Recent reports of collapses in insect populations were eagerly devoured online. But were the reports exaggerations, and if so, how did they make it into the headlines? (Image Credit: Barta IV, CC BY 2.0, Image Cropped)
Two weeks ago, an article on the Insect Apocalypse hit my Facebook feed. It popped up everywhere. People seemed genuinely concerned about the plight of the world’s insects, which was a first for me.
An hour later I was sitting at a conference seminar in which the speaker bemoaned the poor data that had contributed to the key statistic in the article: that biomass of flying insects had decreased by 75% over the last 27 years. The methods used in the report apparently show huge bias towards large bodied species, which may have exaggerated the findings significantly. So here lies our quandary. Read more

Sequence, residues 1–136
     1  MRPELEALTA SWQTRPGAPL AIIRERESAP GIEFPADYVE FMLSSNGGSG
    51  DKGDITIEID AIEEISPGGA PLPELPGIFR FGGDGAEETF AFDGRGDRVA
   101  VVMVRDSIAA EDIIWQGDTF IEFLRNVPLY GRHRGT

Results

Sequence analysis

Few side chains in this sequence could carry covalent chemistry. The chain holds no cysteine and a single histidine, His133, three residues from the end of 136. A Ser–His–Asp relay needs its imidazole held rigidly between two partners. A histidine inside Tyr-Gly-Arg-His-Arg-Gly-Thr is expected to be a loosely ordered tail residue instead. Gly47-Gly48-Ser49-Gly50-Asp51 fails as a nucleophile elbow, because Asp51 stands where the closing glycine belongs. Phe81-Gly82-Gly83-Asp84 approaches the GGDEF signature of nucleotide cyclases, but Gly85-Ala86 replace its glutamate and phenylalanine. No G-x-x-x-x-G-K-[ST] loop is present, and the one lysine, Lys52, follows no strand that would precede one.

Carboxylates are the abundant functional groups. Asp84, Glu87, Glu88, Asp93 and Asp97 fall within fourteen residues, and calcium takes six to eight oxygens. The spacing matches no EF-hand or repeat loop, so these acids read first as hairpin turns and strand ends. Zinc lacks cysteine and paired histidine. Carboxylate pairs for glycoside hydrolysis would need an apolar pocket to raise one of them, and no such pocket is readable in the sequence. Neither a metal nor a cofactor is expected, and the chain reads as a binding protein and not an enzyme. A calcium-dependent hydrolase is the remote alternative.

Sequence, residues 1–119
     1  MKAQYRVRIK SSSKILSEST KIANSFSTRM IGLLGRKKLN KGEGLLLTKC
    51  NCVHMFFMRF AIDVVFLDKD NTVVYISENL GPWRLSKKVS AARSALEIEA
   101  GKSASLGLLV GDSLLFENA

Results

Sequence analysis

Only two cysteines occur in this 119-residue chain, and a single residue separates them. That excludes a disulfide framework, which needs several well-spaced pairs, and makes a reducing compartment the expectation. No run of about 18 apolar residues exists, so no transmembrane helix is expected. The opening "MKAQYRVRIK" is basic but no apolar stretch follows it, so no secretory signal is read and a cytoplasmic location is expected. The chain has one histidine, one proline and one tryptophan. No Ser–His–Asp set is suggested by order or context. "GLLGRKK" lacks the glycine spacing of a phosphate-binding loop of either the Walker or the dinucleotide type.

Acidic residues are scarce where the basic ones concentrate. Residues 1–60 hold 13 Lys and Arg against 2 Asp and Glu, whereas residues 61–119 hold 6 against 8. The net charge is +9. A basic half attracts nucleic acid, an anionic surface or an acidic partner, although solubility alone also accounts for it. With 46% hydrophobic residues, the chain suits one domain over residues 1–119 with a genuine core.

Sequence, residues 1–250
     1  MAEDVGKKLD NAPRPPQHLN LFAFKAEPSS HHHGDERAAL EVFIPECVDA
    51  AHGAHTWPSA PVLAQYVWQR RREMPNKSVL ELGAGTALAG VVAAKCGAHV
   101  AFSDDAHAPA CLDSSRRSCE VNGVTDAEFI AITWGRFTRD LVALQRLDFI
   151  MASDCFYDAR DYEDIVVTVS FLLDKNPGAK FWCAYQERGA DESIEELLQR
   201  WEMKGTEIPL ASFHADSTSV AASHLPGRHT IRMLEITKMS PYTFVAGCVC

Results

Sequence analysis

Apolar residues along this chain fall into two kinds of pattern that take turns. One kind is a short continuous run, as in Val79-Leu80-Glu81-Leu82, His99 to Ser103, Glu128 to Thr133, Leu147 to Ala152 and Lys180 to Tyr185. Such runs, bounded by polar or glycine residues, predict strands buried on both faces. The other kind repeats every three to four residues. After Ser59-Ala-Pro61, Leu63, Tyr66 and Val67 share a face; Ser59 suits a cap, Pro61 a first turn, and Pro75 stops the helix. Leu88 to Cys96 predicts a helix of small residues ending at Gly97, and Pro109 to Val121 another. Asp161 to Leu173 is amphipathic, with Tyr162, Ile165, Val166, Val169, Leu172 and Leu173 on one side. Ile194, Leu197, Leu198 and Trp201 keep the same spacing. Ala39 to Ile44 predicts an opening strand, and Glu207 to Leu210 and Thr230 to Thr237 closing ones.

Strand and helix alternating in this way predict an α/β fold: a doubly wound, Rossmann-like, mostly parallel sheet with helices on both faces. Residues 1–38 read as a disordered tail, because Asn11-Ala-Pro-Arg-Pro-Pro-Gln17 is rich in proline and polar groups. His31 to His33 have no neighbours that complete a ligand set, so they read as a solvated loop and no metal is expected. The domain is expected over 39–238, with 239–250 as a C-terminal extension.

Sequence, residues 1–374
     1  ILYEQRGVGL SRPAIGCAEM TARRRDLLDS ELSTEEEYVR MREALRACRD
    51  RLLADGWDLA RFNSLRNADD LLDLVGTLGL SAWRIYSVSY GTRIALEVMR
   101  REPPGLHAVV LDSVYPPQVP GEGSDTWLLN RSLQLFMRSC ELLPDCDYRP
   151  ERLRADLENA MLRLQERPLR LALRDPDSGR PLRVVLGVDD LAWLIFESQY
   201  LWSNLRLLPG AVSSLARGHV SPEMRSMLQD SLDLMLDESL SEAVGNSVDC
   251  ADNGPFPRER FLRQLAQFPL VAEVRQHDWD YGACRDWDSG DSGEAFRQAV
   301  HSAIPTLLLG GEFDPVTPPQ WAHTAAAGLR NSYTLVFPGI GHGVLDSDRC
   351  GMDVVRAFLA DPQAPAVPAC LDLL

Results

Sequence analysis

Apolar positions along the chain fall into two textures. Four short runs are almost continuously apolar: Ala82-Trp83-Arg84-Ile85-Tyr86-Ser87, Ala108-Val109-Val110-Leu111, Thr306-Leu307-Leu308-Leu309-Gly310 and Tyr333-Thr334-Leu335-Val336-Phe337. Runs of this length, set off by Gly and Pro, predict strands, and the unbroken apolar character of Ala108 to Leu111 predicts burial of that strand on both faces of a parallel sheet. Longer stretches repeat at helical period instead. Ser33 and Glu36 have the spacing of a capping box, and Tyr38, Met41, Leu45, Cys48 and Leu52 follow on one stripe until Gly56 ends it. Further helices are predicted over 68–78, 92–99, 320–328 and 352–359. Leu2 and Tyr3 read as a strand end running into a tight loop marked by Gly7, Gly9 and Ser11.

The Greater Canada Goose. Adorable when it’s not chasing you down a street with blood in its eyes. (Image Credit: manfredrichter, Pixabay license, Image Cropped)
We kick off our series of articles on Norway’s new invaders this week with the greater Canada goose. My association with these creatures is one of mild terror, having had to dodge them on campus during my time in Canada. But in Norway, and all across Europe, they’ve been a huge economic problem for decades, and are listed as one of only four birds on the EU commissioned list of Europe’s 100 worst invasive species.